Turning 16, for many teenagers, means finally driving a car without supervision or starting the college search. Now, a new campaign is hoping to add the ability to vote in local elections to the milestones of that age. The campaign, called Vote16USA, which will be announced on Wednesday, aims to lower the voting age to 16 from 18 to spur civic engagement by younger Americans. But the push, by a nonpartisan group based in New York called Generation Citizen, which seeks to promote youth participation in politics, is igniting a debate about voter competency, adolescent decision making and whether allowing younger people to vote is the best way to politically engage teenagers. Opponents say that teenagers are not mature enough to vote at 16, that they will not make informed decisions and that Vote16USA is a partisan push to get more liberals on voter rolls. Advocates, however, argue that lowering the voting age would increase turnout, allow teenagers to weigh in on issues that directly affect them and push schools to improve civic education.
“Given the general malaise that faces this country’s political process right now, this is a way to get young people actually excited,” said Scott Warren, executive director of Generation Citizen.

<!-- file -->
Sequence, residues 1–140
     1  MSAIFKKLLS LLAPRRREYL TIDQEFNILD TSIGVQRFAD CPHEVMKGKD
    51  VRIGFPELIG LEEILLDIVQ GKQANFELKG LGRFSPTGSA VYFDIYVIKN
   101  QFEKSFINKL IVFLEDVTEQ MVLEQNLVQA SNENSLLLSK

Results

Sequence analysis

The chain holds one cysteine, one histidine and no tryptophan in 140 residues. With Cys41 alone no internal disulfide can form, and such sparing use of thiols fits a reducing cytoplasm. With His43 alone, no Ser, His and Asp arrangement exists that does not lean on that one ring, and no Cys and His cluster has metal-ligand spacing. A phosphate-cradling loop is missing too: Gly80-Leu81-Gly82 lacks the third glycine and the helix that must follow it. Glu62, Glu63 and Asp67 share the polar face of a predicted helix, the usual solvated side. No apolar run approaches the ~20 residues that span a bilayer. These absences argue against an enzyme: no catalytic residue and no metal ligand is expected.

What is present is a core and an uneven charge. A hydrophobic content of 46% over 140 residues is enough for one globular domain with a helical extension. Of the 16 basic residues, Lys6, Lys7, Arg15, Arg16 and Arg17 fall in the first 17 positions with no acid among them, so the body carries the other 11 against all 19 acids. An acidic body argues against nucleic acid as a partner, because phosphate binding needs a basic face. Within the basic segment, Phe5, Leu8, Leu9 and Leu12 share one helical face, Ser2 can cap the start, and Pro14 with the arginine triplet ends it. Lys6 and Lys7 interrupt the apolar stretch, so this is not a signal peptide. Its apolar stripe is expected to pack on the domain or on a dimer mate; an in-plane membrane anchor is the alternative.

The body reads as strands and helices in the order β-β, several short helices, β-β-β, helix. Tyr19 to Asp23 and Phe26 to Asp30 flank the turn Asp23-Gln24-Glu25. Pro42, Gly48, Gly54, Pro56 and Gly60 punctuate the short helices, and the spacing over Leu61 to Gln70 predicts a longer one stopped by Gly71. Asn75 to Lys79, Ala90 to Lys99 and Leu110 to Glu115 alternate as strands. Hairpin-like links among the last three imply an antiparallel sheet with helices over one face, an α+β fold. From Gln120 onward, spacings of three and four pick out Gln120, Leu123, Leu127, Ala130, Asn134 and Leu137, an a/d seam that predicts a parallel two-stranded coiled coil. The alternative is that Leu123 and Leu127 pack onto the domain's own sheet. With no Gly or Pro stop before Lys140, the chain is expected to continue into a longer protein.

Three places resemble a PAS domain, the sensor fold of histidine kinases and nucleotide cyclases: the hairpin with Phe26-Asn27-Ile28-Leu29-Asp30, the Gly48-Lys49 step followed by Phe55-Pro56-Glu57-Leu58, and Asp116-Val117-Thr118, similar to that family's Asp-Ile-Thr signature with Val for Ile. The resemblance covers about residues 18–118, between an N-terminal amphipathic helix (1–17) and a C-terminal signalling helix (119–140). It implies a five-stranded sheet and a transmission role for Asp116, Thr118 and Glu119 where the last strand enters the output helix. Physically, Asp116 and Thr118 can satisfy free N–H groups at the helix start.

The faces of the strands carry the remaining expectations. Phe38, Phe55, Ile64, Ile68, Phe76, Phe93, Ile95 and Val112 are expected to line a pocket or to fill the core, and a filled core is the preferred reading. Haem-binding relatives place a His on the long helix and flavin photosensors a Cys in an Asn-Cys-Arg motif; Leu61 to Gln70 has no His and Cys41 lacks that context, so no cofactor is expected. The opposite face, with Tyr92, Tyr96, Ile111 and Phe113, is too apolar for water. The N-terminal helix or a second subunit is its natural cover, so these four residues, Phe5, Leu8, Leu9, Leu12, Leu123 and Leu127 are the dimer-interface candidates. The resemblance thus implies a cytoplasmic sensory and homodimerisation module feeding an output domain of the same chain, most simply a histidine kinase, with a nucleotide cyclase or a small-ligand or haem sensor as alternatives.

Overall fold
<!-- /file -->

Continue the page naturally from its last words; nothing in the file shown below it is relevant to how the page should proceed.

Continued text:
Mr. Warren cited the midterm elections last year to make his point. Nationally, only 36 percent of eligible voters participated, a 72-year low for all federal elections, according to a report by the group. Only 19.9 percent of voters ages 18 to 29 cast ballots, the lowest youth turnout rate ever recorded, the report said.
… The last time the voting age was a major issue was in 1971, when lawmakers passed the 26th Amendment, which lowered the voting age to 18 from 21, aligning it with the minimum age for military service during the Vietnam War.